The Tangled Hedge

A hedge-hopping awenydd follows the Mother of Life's trackways and brings back what is needed, connecting the village with the numinous wilds.

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Exciting Homecomings - A Triad

Three things I'm excited about exploring in 2018:

Elen of the Ways - I discovered this goddess a little over a year ago, and felt instant belonging and surprise that I hadn't heard of her before, and that I hadn't thought to go looking for such a goddess. It felt like remembering I have a mother, or something. :) A horned/antlered goddess and lady of the green... how perfect for me! I've been reading everything I can about her, and I signed up for a now-filled course offered by a priestess of Elen (Walking the Antlered Road) that includes a year of lessons, journaling, movement-meditations, soundings, chants with wrist malas, and an oracle deck. It has been amazingly exciting to get to know Elen, and to start to see how many of the goddesses I've already been drawn to are probably-to-definitely versions of her paleolithic, pan-Indo-European (and perhaps beyond) presence and enduring veneration. The Welsh name, Elen, is but one. You might be as surprised and delighted as I to discover where the others have been all this time! So I recommend Caroline Wise's book, "Finding Elen: The Quest for Elen of the Ways," as well as Elen Sentier's books, and I will be writing more about her in this blog in 2018, and suggesting the connections I have seen.

Sound and movement - I have been feeling a need to have ritual movements, both for personal practice (I've been imagining a Druid's staff and movements with it to greet the sun and moon and seasons...and hand mudras... and dancing...) and for the psychological bonding when done in synchrony with a group (I just wish I had a group!), not to mention how I've been missing having a shared lexicon of songs (like growing up Mormon) and making music with a group. So I'm excited about the Elen chants, soundings, and movements I'm learning in the course mentioned above. I want to create chants of my own, too. I'd like to get more into the musical side of my bardic studies, as well. I've been gifted a very beautiful Native American flute, and I'm loving her smooth sound and hoping I can find a way to make music with other musicians again. I've also become keenly interested in the Celtic harp, so perhaps I can begin to learn that, soon. I've recently discovered Hand Ogham, too, both for memorizing the ogham with a hand-memory-palace, and communicating with ogham via the fingers, in a signed alphabet. (Well, I'd known about the latter for a long time, but haven't really studied Ogham yet.)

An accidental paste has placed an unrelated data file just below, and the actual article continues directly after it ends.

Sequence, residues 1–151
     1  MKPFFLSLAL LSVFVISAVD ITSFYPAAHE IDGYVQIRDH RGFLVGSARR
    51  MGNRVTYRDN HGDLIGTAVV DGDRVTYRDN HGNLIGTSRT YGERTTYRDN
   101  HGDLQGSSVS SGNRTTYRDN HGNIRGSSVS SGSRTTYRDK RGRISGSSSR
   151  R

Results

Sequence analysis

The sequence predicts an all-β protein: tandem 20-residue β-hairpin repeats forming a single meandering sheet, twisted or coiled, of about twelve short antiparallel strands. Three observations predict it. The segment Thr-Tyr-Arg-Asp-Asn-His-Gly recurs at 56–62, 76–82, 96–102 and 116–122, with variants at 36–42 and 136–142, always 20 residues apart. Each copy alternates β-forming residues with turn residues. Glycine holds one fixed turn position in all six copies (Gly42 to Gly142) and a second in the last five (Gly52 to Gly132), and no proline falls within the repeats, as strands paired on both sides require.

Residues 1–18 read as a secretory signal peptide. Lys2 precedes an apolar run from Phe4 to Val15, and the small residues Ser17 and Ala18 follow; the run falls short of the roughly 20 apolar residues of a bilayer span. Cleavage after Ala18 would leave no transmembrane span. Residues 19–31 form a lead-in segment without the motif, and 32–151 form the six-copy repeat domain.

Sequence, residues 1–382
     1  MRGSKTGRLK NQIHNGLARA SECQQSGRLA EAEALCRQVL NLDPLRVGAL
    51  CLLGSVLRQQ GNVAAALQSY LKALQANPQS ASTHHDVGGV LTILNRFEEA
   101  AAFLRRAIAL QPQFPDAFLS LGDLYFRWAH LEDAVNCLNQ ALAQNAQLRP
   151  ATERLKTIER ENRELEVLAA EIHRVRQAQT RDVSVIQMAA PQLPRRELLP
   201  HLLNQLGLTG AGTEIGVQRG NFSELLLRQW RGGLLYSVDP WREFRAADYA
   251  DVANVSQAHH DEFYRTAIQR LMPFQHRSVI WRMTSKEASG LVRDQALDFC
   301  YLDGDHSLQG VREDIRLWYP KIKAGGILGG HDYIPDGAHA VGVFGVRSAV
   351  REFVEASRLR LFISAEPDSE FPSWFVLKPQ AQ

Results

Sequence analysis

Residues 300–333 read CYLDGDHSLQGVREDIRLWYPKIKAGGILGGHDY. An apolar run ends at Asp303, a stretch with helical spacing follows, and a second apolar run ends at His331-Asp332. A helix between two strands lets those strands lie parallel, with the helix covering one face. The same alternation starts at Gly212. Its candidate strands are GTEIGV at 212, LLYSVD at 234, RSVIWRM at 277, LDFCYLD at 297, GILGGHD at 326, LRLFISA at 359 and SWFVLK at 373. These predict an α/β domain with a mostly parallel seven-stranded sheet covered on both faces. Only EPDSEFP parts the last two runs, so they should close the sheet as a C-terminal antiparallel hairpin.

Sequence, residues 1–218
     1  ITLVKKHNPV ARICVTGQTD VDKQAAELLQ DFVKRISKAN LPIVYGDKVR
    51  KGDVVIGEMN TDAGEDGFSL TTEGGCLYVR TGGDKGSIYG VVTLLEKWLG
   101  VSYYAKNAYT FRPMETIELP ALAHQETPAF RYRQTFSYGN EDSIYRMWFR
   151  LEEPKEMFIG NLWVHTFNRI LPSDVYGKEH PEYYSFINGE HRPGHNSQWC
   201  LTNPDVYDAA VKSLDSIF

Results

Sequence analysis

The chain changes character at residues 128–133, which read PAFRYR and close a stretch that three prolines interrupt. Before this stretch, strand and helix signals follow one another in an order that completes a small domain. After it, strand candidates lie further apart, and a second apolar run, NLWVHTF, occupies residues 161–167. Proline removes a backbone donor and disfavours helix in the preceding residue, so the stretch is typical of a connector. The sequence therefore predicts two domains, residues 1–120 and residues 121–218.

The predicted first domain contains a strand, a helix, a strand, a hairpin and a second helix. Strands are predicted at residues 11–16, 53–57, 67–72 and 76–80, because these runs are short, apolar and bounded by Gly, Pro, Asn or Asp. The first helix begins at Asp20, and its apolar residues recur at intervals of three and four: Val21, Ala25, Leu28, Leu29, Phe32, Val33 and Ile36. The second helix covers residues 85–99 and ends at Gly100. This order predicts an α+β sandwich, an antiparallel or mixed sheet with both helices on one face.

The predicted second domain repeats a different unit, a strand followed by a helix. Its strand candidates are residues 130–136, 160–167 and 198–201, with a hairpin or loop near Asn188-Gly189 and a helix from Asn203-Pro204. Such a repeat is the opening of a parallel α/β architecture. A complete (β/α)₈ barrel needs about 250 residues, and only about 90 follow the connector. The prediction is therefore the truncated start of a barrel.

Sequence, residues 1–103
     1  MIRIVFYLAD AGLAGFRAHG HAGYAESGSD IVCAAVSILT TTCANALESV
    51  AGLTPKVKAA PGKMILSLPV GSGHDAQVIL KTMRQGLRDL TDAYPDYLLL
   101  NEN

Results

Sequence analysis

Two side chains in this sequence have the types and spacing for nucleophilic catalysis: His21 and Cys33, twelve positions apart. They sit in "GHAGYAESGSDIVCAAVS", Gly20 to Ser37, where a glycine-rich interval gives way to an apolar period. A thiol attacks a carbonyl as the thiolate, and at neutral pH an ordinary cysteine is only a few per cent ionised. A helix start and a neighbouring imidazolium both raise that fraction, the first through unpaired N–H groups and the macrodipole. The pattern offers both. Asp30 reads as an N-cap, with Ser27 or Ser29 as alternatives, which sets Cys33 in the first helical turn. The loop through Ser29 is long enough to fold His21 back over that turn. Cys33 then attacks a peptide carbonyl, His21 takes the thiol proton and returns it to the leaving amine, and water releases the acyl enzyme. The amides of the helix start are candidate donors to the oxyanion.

I sense that in my society, we're missing out on embodiment and sensual things, with all the emphasis on intellect (missing out on the spiritual, too, but it's all connected.) As a child, I found ritual fascinating and exciting, but then I lost all interest, probably from growing up to focus more on intellect, as well as how inane or ill-fitting some rituals can be, like when they command a presence, or basically call on gods or spirits, going "Hey, pay attention to me, I'm going to ask you for something" and I'm not usually asking for anything, and I just don't usually need any ritual in order to exist in magical awe and awareness or engage with magic and inspiration. Lately, that missing part (ritual) is itching. This is the way ritual is coming back in like a tide for me. Not poetic liturgy, as I'd have expected, being a word person, but a more visceral movement and sound.

The Ogham Grove - One of my "Giftmas" presents was a beautiful, densely illustrated book called, "The Ogham Grove" by Yuri Leitch. Fore more than 20 years now I've wanted to study ogham and especially tree ogham. Various things got in my way, but the system and uses of ogham presented in this book have me so excited and feel so natural to me, that I'm finally diving in and starting to memorize it all. It seems to unlock a bunch of the mysteries and bardic/Celtic lore, like a key that we've had to rediscover, so kudoes to Yuri Leitch if he has found such a key! I'm even putting the sun wheel and moon wheel from this book into my calendar (welcome to the first day of the Sun in Birch, BTW, and the full Moon in Vine). The astrological overlay with this grove/wheel is intriguing, too! I don't know enough about Ogham yet to know where this offering fits in with the rest of the theories and history and lore, but it suits me very well, so far, and will be where I launch into further studies (finally!) I'm grateful for that.

So I finally found my mother goddess, rediscovered ritual, and got started with my ogham studies. I'm so thankful, and I'm looking forward to this year. May it bring all of you exciting discoveries and comforting homecomings, too. :) Happy new year!

[Image credit: "Calming the Waters" by Kimberley Webber]

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Lia is an awenydd, writer, journal editor (A Beautiful Resistance), copyeditor (Druid Magazine), hedge witch, mother, musician, OBOD Bard, and anthropology major, living in the wild, enchantingly beautiful mountain west (USA). Her spiritual influences tend toward the ancient and indigenous, with a future-focused hope that humanity will return to a spiritually-rich and thriving sustainability.


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